GM Holden Shows Two Long-Awaited Concepts

By Chris Haak

02.29.2008

Holden, the General Motors subsidiary in Australia, revealed two long-awaited, much rumored concepts today at the Melbourne International Motor Show. While both are derivatives of the VE Commodore (just launching in the US as the Pontiac G8), it’s hard to say which model will prove most interesting to enthusiasts.

Holden Coupe 60 Concept
Ever since the debut of the VE Holdens in 2006 (intially available only as four door sedans), as well as the discontinuation of the popular and legendary Holden Monaro coupe, Holden – and in fact GM rear wheel drive performance enthusiasts – have been begging the company for a new Monaro. Holden was coy about the car’s chances, implying that with renewed concern about CO2 emissions and fuel prices, the car’s chances for another resurrection in the short term were slim.

At least, until today. The Holden Coupe 60 concept is basically a VE Commodore that is 60 millimeters shorter (yet with the same wheelbase), and an aggressively-sloping roofline. Like the 2005 Chevrolet Camaro concept, it is a pillarless coupe, and like the Camaro, if/when it reaches production, it would probably have a fixed B-pillar to keep the weight down and the safety up. Under the hood (or bonnet, as the Holden press release states) is a 6.0 liter V8 calibrated to run on E85, coupled to a six speed manual transmission.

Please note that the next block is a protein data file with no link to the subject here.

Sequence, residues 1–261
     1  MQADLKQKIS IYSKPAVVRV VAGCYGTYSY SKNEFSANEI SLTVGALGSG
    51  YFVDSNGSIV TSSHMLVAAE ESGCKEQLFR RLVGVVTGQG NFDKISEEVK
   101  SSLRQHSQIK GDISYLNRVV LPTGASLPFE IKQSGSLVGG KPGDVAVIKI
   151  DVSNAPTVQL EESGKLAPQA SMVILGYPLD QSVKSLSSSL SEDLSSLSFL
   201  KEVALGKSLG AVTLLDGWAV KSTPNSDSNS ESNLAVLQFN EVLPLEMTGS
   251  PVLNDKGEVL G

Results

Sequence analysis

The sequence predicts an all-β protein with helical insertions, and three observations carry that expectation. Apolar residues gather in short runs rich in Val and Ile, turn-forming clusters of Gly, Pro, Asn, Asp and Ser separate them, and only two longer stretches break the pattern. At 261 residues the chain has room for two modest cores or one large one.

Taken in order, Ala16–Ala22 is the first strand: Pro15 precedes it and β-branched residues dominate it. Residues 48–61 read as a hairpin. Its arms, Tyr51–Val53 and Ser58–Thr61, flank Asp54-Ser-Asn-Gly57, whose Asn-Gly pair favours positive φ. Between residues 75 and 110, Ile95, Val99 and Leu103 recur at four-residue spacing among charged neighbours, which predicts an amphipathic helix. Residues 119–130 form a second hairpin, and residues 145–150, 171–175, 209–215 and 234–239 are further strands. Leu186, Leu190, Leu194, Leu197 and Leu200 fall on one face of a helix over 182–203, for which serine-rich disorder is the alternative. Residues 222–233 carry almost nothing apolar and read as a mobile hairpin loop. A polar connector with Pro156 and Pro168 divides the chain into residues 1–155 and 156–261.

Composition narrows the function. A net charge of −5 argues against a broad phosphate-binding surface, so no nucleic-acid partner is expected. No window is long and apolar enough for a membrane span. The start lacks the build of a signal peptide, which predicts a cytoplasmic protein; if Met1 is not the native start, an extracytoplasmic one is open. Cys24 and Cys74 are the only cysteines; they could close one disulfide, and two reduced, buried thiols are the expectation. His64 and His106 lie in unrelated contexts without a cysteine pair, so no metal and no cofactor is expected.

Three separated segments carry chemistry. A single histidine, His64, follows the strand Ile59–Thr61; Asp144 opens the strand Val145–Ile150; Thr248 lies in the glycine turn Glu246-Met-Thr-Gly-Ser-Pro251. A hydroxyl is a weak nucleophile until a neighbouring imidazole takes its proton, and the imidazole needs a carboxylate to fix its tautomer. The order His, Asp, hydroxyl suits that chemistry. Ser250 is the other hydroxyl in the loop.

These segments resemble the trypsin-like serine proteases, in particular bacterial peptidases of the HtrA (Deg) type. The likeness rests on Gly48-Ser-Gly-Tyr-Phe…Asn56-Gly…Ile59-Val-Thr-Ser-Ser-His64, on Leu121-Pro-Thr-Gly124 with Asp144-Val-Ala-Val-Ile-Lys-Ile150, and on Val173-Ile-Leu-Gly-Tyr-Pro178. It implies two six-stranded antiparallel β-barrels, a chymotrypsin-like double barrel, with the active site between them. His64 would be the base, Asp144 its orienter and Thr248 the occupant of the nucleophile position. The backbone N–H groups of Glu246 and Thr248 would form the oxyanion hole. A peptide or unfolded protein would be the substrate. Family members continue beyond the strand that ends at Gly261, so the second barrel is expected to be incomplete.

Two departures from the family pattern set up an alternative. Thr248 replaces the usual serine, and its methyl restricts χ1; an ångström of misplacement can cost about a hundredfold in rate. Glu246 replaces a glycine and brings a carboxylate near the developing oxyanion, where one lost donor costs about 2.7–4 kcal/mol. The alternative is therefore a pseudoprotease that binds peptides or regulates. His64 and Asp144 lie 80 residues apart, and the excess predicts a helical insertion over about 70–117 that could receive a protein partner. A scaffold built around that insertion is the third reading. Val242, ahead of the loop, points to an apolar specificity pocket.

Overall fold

Holden is being noncommittal at the moment about the car’s prospects for production. Reading between the lines, however, it does seem like a reasonable possibility, since the car would not require nearly as much engineering effort as an all-new car, since the platform’s engineering is already complete and in production elsewhere.

GM Holden Chairman and Managing Director Mark Reuss said, “This is a vehicle I know our designers would dearly love to see go into production, but for the moment it has to remain a concept only.”

However, Project Designer Manager, Peter Hughes, said, “With Coupe 60 we think we have designed a car that has the potential to write another chapter in the book of Holden icons.”

From the quotes above, it sounds like the car definitely has potential for production, but it is not confirmed yet. If it is produced, would GM dare import it as the Pontiac GTO again, or has the company learned its lesson and would instead call it something less risky like “G8 Coupe” or “G8 Sport Coupe?”